Volume 6, 2016
Timothy Sean Quinn
Heidegger and Jünger: Nihilism and the Fate of Europe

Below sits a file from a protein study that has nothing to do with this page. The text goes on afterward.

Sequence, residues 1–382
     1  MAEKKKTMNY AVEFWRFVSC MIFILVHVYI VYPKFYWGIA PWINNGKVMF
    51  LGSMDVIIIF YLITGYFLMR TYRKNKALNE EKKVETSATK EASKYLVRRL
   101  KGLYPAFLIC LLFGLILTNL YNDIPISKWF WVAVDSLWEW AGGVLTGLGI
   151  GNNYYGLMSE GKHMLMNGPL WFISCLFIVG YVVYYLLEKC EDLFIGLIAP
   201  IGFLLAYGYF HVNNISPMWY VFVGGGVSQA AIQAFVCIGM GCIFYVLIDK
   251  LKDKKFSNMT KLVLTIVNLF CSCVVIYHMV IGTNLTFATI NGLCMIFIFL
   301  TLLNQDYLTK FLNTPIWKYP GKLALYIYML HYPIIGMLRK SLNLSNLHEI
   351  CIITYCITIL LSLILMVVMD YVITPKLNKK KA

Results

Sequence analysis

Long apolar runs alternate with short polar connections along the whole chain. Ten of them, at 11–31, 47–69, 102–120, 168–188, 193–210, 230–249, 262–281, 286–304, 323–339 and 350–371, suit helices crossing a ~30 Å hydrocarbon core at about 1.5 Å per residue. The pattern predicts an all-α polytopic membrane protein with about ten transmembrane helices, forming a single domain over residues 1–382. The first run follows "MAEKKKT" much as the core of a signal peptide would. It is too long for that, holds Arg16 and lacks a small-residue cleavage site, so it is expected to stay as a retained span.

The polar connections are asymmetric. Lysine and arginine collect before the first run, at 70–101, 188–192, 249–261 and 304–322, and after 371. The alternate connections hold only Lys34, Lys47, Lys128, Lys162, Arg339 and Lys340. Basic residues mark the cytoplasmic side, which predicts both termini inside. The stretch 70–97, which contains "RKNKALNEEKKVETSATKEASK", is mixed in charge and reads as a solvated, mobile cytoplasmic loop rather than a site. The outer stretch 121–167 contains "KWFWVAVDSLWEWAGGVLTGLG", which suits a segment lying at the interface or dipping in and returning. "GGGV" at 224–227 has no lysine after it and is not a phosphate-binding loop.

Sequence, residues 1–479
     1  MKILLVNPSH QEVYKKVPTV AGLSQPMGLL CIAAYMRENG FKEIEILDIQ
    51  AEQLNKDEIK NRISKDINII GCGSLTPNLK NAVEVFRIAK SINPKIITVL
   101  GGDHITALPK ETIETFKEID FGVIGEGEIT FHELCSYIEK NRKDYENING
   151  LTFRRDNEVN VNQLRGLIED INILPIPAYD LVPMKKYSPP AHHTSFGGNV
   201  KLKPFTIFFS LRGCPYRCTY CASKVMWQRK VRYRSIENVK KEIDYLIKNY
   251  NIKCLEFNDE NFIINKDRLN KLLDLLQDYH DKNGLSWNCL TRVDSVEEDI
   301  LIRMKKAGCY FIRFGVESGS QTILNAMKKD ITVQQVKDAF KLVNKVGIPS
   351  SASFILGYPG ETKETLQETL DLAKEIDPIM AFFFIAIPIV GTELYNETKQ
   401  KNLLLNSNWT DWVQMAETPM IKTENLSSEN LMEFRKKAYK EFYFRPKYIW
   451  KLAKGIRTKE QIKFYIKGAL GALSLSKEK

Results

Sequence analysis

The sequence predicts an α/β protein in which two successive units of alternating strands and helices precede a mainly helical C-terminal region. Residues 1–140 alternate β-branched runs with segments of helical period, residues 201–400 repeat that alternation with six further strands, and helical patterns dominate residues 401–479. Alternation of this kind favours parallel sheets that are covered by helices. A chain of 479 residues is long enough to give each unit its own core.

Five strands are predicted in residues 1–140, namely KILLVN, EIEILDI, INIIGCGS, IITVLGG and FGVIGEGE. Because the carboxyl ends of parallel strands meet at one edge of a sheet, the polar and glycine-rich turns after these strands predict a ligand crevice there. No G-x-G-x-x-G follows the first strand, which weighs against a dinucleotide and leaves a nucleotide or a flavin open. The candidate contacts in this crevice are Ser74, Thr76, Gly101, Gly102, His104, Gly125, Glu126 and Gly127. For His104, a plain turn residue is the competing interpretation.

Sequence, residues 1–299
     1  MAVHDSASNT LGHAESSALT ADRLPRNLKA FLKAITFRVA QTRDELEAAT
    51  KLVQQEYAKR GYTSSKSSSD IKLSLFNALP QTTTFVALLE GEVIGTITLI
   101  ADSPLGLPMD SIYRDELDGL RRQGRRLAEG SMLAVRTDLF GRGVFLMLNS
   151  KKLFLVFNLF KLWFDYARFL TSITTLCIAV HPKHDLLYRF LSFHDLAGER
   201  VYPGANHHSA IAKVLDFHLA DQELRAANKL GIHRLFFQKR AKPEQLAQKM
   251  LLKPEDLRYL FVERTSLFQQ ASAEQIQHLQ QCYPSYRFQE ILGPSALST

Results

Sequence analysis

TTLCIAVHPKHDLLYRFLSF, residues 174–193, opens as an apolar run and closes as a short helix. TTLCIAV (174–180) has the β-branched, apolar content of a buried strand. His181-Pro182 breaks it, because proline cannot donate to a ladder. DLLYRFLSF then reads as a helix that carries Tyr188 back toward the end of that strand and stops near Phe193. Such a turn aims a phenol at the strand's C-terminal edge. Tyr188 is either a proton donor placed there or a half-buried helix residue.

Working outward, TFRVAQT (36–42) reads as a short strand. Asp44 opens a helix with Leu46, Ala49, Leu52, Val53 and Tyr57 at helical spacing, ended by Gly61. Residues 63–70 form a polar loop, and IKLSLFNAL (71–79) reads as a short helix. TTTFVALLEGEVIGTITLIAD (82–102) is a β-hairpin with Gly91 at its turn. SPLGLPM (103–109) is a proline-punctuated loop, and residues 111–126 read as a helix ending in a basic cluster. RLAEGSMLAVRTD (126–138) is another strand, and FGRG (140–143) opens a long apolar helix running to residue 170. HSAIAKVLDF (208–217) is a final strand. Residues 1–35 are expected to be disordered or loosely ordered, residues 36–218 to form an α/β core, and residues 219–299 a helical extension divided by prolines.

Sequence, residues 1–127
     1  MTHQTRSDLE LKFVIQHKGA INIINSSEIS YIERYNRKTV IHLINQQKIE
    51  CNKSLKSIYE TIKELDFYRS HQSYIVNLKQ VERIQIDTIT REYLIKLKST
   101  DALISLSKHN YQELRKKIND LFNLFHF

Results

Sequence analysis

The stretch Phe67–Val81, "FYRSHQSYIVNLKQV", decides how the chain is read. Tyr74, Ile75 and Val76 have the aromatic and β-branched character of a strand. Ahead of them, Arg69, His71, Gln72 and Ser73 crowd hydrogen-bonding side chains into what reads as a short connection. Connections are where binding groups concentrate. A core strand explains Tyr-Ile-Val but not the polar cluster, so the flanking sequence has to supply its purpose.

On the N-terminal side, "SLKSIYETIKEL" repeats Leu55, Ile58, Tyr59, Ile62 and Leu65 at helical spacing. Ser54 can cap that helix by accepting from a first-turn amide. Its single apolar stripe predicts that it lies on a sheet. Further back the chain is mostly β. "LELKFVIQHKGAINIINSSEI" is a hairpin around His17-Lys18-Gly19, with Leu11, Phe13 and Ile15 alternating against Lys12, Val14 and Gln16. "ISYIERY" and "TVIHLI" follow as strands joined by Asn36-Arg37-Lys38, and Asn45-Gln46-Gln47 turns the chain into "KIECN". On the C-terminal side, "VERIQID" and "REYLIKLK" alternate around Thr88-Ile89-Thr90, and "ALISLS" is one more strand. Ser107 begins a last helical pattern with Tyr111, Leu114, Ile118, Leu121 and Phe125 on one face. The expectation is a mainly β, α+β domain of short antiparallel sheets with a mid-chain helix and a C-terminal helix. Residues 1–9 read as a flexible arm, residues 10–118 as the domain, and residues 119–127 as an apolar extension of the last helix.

In the 1930s, Martin Heidegger began what would become a lifelong engagement with the work of Ernst Jünger. Part of Heidegger’s interest in Jünger was a result of Jünger’s Nietzsche-inspired cultural diagnosis; in Heidegger’s words, Jünger “makes all previous writings about Nietzsche inessential.” On the other hand, Heidegger was critical of what he deemed Jünger’s “bedazzlement” before the thought of Nietzsche. In this essay, I explore the sources of Heidegger’s interest and his criticism of Jünger’s work. To do this, I focus on elements of their correspondence, but mainly on Jünger’s essay “Über die Linie” of 1950 and Heidegger’s response, “Über ‘die Linie’” of 1955. In so doing, I hope to uncover their shared concern for the fate of Europe at the hands of a nihilism of which World War II was, to them, but an expression.